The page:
Red’s newest, most compact board yet, the Compact 9’6. First I tried it in Christchurch harbour and later on the waves on the beach opposite

Brenin and I had a bit of fun together inshore, but he soon got cold so I decided to go out further by myself. I put on my buoyancy aid and paddled out to a group of SUP-ers having fun on a break out to sea. It was thrilling to be on the waves, and somehow less daunting than being on a surfboard – where you’re paddling face-first, not feet first.

The board seemed to bob over breakers that you’d normally duck on a surfboard, and it was really good fun simply trying to stay upright (though actually catching a wave like the pros around me proved elusive)!

paddleboarding with kids

My son and I paddled on our knees and kept inshore when we tried out the Red Compact 9’6 on the waves

Unfortunately, I’d incorrectly attached the leash, securing the velcro only twice, not three times. When I fell off a wave, the board came free, and I watched with dread as it drifted away, thankfully making its way towards the beach and not France.

My one-armed doggy-paddle to the shore, clutching the oar, was a rather embarrassing experience, hampered by a buoyancy aid around my chin (which, with hindsight, I should have left on the beach). Fortunately, a kind dog-walker spotted the board and pulled it ashore, where it was waiting for me when I (finally) arrived. 

A spin on the Spinera SUP

Exercise during lockdown. Briony holds the Spinera Light 10’6 board (left) and I’m holding the Red Compact 9’6 (right)

My last outing was with a friend, Briony, in Christchurch harbour. She brought with her the Spinera 10’6, a super-light newcomer to the SUP market at 6.2kg.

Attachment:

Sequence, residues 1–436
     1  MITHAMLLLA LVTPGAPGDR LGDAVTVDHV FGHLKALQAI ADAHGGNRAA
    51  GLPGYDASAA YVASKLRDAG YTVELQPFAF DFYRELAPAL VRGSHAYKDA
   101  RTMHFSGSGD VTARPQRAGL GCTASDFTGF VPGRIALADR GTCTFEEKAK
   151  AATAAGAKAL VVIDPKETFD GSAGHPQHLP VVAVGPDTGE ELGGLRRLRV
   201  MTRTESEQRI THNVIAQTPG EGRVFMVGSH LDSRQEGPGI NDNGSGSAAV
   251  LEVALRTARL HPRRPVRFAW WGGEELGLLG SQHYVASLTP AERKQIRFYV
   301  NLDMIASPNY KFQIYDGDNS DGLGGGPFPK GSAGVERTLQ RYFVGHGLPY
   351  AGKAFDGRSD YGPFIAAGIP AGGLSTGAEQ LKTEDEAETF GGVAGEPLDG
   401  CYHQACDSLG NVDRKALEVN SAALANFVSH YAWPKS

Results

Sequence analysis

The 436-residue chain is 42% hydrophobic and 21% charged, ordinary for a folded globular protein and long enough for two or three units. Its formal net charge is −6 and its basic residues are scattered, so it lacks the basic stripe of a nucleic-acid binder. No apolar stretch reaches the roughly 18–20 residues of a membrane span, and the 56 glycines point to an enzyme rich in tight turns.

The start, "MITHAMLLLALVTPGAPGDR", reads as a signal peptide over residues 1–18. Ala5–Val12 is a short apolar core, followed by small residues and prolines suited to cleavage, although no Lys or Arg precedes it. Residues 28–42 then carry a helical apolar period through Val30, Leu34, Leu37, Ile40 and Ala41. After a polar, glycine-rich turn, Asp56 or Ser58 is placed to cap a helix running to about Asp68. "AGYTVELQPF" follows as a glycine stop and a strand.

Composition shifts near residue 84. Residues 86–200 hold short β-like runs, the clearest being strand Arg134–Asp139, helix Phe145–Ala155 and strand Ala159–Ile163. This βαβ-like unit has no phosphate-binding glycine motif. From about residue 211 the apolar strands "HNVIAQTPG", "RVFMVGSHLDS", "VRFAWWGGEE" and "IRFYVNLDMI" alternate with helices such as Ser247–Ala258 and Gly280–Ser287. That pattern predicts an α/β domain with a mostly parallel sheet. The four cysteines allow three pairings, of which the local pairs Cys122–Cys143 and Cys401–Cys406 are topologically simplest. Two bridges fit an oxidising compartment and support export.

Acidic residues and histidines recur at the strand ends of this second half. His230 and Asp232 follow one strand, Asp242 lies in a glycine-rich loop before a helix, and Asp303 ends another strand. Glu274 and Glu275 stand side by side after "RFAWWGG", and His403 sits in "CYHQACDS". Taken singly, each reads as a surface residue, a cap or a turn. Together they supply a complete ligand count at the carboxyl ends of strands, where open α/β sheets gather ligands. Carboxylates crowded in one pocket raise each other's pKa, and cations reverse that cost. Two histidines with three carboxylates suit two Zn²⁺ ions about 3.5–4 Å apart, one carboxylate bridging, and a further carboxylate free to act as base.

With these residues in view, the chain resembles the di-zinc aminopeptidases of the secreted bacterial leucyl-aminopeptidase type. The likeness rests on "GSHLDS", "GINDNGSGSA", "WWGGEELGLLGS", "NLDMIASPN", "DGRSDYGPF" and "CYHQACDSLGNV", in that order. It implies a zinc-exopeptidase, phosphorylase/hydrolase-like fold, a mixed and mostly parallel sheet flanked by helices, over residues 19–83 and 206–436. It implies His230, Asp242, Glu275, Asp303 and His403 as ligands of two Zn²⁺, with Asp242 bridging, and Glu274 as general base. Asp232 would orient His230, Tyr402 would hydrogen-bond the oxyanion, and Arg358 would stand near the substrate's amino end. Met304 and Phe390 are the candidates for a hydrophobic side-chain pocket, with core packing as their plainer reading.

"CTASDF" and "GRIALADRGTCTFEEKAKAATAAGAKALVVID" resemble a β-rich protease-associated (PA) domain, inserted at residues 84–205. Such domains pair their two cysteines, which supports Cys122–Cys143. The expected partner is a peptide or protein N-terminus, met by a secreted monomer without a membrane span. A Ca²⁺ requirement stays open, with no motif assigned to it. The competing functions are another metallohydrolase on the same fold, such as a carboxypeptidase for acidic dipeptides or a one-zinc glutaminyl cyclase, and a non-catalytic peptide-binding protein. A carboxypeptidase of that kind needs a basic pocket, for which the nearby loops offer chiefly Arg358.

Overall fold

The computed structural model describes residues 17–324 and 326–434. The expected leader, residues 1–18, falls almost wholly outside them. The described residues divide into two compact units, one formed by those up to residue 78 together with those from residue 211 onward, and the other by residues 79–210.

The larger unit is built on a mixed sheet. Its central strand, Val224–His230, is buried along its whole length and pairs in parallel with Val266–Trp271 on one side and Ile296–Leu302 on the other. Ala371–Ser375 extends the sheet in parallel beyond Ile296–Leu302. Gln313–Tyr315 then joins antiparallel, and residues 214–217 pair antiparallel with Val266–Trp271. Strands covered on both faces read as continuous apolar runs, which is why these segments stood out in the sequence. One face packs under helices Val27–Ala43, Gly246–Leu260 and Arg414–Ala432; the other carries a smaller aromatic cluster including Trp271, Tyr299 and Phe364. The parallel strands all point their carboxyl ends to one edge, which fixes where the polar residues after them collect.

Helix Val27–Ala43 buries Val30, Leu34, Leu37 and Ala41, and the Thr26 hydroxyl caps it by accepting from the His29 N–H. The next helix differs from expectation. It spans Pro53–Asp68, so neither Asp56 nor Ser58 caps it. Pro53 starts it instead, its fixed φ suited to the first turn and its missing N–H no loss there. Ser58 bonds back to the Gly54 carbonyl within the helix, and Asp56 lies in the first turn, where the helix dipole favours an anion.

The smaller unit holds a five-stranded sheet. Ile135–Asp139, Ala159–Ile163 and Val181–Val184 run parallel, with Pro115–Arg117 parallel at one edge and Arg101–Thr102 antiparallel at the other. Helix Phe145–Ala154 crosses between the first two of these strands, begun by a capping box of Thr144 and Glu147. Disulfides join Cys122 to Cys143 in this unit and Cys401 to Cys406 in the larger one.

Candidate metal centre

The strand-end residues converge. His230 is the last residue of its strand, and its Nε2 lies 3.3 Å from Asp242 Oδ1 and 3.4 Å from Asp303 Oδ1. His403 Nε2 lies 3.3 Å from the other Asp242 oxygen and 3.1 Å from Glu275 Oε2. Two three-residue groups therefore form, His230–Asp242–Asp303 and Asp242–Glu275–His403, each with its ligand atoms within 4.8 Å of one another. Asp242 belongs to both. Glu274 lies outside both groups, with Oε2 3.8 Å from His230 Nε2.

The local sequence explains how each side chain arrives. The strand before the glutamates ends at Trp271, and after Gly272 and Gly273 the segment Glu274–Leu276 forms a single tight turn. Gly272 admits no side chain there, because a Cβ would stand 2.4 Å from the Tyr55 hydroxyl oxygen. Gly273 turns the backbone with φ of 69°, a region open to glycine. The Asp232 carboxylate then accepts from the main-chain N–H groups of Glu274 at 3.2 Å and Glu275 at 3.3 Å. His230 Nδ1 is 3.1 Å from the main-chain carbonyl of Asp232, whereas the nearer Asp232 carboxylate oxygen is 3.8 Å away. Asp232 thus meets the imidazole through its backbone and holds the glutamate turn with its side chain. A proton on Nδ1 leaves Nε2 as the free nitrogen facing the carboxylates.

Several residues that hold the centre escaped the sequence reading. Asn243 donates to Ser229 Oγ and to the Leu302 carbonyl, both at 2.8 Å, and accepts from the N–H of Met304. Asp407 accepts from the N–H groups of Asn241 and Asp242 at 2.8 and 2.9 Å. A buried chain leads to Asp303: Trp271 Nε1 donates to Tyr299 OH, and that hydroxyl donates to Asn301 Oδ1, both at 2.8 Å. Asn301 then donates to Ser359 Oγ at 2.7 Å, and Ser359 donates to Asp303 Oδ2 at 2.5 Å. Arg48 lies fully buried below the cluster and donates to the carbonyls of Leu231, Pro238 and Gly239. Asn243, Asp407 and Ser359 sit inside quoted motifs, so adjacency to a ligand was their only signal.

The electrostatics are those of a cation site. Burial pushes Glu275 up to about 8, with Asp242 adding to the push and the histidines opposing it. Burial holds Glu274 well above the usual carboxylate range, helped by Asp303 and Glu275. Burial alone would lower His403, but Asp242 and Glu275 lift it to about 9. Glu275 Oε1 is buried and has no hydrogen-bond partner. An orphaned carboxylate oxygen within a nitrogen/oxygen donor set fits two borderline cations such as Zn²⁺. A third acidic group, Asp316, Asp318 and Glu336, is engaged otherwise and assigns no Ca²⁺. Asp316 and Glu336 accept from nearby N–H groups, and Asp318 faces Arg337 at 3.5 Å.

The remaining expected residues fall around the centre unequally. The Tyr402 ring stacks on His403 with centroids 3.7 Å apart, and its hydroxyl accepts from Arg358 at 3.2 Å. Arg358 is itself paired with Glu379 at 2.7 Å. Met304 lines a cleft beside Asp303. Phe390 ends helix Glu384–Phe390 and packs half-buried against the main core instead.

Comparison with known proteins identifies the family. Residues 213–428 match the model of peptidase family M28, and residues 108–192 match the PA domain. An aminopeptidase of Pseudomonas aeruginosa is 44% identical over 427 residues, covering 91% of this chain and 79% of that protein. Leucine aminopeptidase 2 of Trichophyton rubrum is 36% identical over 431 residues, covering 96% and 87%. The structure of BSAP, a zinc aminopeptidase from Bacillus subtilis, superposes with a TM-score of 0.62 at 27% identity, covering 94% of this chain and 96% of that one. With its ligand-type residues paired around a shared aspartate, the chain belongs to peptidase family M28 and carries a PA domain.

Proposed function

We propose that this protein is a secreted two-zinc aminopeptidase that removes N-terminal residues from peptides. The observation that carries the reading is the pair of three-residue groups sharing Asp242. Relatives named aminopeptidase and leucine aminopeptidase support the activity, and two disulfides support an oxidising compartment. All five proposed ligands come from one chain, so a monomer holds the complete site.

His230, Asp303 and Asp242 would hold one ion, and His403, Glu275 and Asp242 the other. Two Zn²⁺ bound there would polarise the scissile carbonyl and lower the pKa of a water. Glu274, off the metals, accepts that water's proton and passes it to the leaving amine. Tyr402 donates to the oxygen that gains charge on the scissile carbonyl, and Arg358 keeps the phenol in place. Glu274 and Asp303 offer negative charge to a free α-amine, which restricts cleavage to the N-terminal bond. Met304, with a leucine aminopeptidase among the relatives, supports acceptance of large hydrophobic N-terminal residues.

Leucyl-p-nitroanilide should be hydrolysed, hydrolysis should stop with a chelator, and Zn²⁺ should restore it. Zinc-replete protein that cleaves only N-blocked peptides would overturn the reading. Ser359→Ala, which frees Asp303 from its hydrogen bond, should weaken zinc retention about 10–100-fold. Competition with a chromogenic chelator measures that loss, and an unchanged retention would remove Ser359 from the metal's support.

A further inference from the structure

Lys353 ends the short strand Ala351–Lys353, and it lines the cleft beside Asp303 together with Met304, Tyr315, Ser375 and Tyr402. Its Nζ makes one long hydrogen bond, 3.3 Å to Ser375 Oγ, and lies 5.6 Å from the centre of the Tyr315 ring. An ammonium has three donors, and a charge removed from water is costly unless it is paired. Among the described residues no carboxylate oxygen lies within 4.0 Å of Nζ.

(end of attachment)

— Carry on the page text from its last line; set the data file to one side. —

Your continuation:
Spinera’s UK distributor, Nestaway Boats, chose this board as an option for boat owners. 

‘I’ve always been interested in SUPs,’ says director Ian Thomson, who paddles with his son in Christchurch, ‘but until now I hadn’t found the right model to sell.

‘This one came along and I felt it was just right for my customers, who need something small and light to fit in their lockers.’ 

Pumping up the SUP

The Spinera’s pump was a lot harder work than Red’s twin-cylinder pump, though even the latter brought a light sweat to my brow after around 6-8 minutes of pumping. Some people simply opt for an electric pump connected to the car or boat battery. 

Briony pumps up the Spinera SUP at Mudeford. If pumping sounds like hard work you can always buy an electric car or boat pump

As we set off, Briony on the Spinera and me on the Red Compact, the clouds parted and we glided through the water with the sun on our necks, marvelling at the beautiful houses with jetties at the harbour’s edge.

We pulled ashore on a small beach for coffee and bagels then I had a go on the Spinera. It felt slightly bouncier than the Red Compact 9’6, but still stable and easy to manoeuvre.